Four Burkina Faso gov’t ministers test positive for coronavirus

Cases rise to 64, highest in West Africa, amid worries coronavirus will overwhelm its threadbare healthcare system.

BFASO-HEALTH-VIRUS Stanislas Ouaro (wearing a mask), Burkina Faso Minister of Education, takes part in the first session of the Burkina Faso National Commettee on COVID-19 Epidemic
Minister of Education Stanislas Ouaro, pictured wearing a mask, participates in a session of the National Committee on COVID-19 Epidemic on Thursday [Olympia De Maismont/AFP]

Four government ministers in Burkina Faso have been infected by the new coronavirus, according to officials, as the number of reported cases rose to 64 from 40, the highest in West Africa.

The ministers of foreign affairs, mines, education, and the interior have all tested positive for COVID-19, the disease caused by the virus, a government spokesman said on Saturday.

“The rumour has become reality … I have just been notified that I have COVID-19,” Minister of Foreign Affairs Alpha Barry said in a tweet late on Friday, referring to media reports that had speculated about his health.

Minister of Mines Oumarou Idani, Minister of Education Stanislas Ouaro and Minister of the Interior Simeon Sawadogo each confirmed their cases via Facebook posts.

A ministerial meeting was held on March 11, the government’s website shows, but it was not immediately clear if all the ministers attended.

Threadbare healthcare system

A poor country of some 20 million people, Burkina Faso has been struggling to deal with a swiftly deteriorating security situation that has seen campaigns by multiple armed groups rendered parts of its arid territory ungovernable and forced nearly a million people to flee their homes.

International health officials worry that the virus could spread out of control and overwhelm its threadbare healthcare system.

The government has put measures in place to stop the spread, including closing land and air borders and banning gatherings of more than 50 people.

Last week all schools and universities in the West African country closed for the rest of the month.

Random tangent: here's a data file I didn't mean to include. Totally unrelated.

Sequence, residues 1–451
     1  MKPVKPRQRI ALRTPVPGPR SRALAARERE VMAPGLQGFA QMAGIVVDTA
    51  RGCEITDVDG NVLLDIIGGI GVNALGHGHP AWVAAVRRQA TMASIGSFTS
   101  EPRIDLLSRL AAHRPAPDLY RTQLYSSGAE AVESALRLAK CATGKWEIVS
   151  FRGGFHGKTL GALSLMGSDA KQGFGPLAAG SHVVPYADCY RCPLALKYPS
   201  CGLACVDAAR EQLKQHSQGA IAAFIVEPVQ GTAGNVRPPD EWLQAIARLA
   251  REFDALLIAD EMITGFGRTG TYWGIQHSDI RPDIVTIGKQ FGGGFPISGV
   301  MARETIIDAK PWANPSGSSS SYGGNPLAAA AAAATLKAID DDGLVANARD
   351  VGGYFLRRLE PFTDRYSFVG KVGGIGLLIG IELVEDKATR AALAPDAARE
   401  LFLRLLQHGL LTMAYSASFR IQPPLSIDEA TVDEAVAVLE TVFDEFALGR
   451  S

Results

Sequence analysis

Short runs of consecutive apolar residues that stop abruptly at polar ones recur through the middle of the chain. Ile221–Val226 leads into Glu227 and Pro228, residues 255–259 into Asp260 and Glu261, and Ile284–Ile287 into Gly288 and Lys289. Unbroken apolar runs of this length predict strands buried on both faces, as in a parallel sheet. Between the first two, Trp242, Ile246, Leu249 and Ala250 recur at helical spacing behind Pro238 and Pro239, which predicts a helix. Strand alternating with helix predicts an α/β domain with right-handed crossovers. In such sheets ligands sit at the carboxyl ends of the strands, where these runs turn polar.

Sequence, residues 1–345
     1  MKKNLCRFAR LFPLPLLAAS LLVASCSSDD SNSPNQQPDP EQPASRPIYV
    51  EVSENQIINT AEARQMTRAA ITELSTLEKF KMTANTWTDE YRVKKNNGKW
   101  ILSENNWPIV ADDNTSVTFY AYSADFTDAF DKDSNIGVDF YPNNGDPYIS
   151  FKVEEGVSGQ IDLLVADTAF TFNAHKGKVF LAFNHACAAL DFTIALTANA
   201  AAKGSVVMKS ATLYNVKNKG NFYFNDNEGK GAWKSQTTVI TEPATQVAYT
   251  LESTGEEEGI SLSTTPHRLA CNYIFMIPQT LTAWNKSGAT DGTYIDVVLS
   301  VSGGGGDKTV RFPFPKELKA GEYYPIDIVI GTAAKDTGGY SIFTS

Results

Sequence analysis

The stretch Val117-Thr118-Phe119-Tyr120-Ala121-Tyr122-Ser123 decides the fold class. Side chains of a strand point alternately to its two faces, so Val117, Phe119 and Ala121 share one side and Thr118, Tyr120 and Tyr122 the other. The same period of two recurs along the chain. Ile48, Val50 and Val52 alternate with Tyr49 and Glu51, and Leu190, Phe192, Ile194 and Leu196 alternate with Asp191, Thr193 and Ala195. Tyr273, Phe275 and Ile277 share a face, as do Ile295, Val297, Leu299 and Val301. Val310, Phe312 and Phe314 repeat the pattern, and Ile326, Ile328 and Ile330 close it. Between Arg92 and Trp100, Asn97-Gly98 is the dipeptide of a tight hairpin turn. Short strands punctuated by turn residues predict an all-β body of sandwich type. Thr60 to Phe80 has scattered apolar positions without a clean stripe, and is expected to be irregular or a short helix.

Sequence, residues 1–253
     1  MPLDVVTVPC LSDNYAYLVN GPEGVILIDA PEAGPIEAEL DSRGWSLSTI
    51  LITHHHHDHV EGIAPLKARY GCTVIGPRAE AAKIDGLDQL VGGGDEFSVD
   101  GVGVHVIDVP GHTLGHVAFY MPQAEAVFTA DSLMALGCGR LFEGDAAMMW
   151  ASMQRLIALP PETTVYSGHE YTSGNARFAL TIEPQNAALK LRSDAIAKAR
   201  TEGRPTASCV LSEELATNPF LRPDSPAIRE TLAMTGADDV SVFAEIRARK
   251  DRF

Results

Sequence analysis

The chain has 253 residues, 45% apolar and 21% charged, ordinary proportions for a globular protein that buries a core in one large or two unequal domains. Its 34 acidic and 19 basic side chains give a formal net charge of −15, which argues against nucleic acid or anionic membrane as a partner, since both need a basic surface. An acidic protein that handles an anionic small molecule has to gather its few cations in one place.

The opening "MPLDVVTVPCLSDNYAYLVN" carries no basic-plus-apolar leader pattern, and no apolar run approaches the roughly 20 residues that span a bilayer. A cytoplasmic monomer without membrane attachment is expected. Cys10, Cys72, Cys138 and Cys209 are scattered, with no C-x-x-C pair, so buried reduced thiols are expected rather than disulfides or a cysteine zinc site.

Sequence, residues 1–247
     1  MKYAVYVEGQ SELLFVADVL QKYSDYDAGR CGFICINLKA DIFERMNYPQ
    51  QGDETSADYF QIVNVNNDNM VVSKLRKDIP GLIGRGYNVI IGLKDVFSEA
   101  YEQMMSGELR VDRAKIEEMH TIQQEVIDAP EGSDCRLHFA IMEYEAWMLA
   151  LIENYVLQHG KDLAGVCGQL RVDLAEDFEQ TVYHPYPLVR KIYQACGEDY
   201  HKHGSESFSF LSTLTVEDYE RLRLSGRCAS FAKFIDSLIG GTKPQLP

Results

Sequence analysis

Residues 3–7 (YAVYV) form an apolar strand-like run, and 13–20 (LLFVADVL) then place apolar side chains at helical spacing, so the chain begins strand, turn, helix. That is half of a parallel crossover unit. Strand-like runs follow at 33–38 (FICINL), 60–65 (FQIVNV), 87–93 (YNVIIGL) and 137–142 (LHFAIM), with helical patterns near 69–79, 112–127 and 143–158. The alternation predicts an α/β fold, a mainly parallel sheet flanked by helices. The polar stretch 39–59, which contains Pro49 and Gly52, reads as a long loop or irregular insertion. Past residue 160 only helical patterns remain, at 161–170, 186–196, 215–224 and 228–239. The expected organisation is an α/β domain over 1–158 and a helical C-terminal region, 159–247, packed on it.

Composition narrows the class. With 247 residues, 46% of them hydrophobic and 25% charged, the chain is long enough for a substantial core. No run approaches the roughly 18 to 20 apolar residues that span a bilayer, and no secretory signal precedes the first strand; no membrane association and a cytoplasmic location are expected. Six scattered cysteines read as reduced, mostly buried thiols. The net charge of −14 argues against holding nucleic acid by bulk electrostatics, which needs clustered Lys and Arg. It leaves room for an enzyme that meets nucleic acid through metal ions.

But before a suspension of religious ceremonies on Friday, the central mosque in the capital, Ouagadougou, was filled with hundreds of worshippers packed together for prayers.

Burkina Faso reported its first case of COVID-19 on March 9, 10 days after the first case in sub-Saharan Africa was announced in Nigeria on February 28.

NGOs have warned that the conflict, displacement and weak health infrastructure could lead to a devastating loss of life.

“In a best-case scenario, which is what we’re living in at the moment, we would have only a few cases,” Jerry-Jonas Mbasha, cluster coordinator for the World Health Organization (WHO) in Burkina Faso, told Al Jazeera last week.

“In a worst-case scenario, we could see fatality rates five to 10 times higher than the global average.”

Al Jazeera reported last week that there were only 400 coronavirus test kits available in Burkina Faso, with only three health facilities in the country able to carry out the tests – two in Ouagadougou and one in the second city of Bobo Dioulasso.

Mbasha urged the international community to step in to help avoid a major crisis.

“We need technical and financial partners to come in and protect Burkina Faso, as do other African countries which are facing the same situation,” Mbasha told Al Jazeera.

Some 40 nations across the continent have reported more than 1,000 cases of COVID-19.

Worldwide more than 304,500 people have been diagnosed with the infection while nearly 13,000 people have died from the disease, according to data collected by the Johns Hopkins University in the United States.

Source: Al Jazeera, News Agencies